All your questions hopefully are answered when you ask them differently. When should students stand up for what is right? I hope your answer is ALWAYS! Teachers need to share, post, collaborate, and role model ALWAYS! Good times and bad!

    Thanks for letting me advocate once again!

  4. Hatcherelli

    George, your ability to put thoughts into words amazes me! You bring up a great point…as educators, we are our own worst enemies. How many times have you heard someone say, "I'm just a teacher"?

    As teachers, we have a profound affect on our students and their lives. Teaching is a challenging and demanding vocation which is definitely not for everyone. We need to advocate for ourselves. Maybe through media such as blogs, etc. we can tell some of the stories that you refer to.

  5. Esmé Comfort

    Great post George. Teachers who are advocates also model this for their students. At our school board meetings, teachers are invited – encouraged – to present their stories, usually together with their students. They explain how what they are doing speaks to the vision, mission and goals of the district. They will talk about their learning as they moved through an initiative, the missteps, how they adjusted, what comes next. These sessions are a powerful inspiration to continue to work to develop the community of trust, respect, innovation and lifelong learning we aspire to… we are still trying to find the best way to bring the parents in, to get them the information they need. There's no one easy way but it is a key part of the puzzle.

  6. marcilaevens

    I had to laugh…my mom got the "typing award" when she was in grade 12 and spent most of her working life as a school secretary.
    "When I was in school" I was good at sports. The only jobs I saw in sports were professional athletes and PE teachers. Well, I knew I wasn't going to be a professional athlete so… Don't get me wrong, I love my job. But yes, these are very different times. There are so many jobs available now that weren't even possible 20 years ago.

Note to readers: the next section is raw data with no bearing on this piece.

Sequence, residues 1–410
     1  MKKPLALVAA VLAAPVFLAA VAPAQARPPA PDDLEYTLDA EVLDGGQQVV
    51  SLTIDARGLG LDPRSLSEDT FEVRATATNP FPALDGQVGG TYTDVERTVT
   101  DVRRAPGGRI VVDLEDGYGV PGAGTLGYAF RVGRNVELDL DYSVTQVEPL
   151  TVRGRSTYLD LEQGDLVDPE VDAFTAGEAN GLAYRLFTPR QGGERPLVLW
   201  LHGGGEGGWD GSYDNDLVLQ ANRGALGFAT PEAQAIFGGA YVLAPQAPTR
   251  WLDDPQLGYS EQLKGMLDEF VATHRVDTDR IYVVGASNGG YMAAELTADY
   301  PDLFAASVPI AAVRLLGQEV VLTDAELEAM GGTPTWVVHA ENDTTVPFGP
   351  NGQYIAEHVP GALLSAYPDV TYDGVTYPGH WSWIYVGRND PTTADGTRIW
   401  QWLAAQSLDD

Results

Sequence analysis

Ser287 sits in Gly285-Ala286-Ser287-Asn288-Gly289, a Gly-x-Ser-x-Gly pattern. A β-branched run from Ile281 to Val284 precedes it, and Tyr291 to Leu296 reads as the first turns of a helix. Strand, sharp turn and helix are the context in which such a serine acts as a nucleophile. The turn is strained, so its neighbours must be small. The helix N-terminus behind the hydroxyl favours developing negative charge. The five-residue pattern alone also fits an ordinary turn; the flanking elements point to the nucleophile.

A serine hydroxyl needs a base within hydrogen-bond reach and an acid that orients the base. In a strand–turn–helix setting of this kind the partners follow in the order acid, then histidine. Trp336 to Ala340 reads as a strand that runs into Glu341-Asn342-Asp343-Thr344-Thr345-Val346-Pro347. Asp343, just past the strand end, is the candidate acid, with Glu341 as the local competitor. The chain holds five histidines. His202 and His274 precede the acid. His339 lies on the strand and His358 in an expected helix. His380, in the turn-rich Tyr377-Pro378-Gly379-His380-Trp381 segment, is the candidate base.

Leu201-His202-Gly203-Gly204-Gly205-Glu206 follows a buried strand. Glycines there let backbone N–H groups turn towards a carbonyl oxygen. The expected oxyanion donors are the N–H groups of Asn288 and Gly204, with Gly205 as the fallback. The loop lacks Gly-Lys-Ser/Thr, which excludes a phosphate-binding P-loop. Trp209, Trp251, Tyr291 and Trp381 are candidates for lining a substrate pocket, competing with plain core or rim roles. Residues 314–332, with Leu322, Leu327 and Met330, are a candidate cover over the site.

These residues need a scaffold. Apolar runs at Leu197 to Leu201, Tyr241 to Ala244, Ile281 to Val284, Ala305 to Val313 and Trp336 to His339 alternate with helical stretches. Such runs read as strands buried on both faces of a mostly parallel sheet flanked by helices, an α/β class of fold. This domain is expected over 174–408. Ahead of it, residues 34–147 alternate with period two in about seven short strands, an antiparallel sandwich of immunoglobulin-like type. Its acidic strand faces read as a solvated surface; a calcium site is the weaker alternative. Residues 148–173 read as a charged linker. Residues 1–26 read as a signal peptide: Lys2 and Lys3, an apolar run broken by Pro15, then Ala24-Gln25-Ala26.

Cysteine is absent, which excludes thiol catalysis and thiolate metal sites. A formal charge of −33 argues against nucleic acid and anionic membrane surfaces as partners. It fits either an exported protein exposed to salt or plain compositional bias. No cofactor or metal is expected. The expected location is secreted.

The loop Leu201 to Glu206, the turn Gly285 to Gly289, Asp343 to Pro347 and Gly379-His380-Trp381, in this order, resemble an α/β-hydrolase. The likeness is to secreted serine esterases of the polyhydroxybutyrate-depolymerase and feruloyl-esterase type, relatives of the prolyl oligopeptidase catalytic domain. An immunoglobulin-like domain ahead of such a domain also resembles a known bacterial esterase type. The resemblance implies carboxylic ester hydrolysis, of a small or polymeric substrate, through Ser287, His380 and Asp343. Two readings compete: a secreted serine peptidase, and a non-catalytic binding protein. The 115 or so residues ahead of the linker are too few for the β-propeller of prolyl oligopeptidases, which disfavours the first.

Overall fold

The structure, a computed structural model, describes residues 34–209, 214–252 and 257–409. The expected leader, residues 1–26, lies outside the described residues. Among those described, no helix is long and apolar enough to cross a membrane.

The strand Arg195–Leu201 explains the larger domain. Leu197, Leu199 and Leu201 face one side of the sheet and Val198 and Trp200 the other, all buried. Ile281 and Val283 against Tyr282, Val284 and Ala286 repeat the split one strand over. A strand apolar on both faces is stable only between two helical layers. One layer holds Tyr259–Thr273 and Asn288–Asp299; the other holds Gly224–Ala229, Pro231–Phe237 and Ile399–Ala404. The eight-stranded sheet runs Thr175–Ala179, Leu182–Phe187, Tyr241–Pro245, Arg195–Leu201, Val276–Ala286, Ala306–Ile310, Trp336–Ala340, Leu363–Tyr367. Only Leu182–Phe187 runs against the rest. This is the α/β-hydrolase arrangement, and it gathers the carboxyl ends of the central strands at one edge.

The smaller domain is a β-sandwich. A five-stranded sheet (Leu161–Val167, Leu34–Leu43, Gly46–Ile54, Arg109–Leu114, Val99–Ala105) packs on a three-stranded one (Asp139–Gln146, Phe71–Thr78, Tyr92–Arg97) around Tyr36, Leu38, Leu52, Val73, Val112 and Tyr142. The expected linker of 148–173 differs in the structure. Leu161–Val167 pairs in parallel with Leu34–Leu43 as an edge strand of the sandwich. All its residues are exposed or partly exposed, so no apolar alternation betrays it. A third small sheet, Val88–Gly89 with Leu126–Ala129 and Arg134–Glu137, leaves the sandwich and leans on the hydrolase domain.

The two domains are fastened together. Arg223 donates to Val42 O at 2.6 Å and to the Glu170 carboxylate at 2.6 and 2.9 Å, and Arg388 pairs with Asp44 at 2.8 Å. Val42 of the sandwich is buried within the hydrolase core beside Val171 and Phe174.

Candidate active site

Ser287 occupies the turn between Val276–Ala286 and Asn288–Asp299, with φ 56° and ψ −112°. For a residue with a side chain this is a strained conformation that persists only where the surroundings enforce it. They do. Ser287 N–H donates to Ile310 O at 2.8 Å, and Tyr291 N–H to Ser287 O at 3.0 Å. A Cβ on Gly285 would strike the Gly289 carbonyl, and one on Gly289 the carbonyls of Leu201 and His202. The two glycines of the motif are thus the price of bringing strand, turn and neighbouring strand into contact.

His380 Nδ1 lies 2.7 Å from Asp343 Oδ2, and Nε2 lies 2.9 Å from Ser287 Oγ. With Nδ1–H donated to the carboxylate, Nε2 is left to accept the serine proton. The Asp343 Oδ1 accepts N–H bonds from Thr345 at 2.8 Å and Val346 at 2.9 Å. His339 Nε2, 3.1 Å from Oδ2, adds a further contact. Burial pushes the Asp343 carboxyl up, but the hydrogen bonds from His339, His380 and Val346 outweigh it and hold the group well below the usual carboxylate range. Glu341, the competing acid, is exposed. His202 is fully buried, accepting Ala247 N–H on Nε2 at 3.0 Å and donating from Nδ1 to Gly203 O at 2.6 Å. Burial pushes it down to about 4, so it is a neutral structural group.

I think with the new(ish) focus on teacher blogging, we are going to get our stories out there more. We just have to keep reflecting and posting. I don't want to be "just a teacher"

  7. Alissa

    Whew…time does fly-a new design for aerodynamics is necessary 🙂 Your comment, "When moving forward with new initiatives in schools, I believe we need to make available research and literature to our school communities." hit one of my own beliefs. Often we (the school staff), may know the blueprint of where they are going based on recent research- but do the families? Some would feel that "justifying" educational directions shouldn't be questioned when put forth by "qualified personnel". My feeling is the opposite. Qualified personnel have been given the opportunities and information from the most current reliable sources on best practice, but that is all it is until it is shared and demonstrated with those that will make the biggest difference….the families. While at a course I attended this summer, a group of us discussed how "teacher lingo" set us apart from the learning communities we work with. We have so many mediums available to us today to share our learning with families and to gain support in our learning community directions. e.g. blog, email, website, newsletters and presentations. Sharing the direction and rationale=more learning pathways for learners. Thank you for beginning the conversation 🙂

  8. Heather Peters

    Wow, I am shocked and saddened to hear that many teachers don't feel respected as professionals in their profession. The role teachers play in creating future learners, contributing members of society, helping others… Shocking. Not to mention the educational requirements and continual learning. I'd be very interested to know about the background of your group – are they new or older teachers, feeling frustrated, could the perceived lack if respect be from something else? Perhaps from my naive perspective I haven't seen this. But your advise is great, be proud, share what it is that teachers do articulate the goals / mission, measure how we achieve it. Share the stories – create more awareness.

    Great blog – very thought provoking.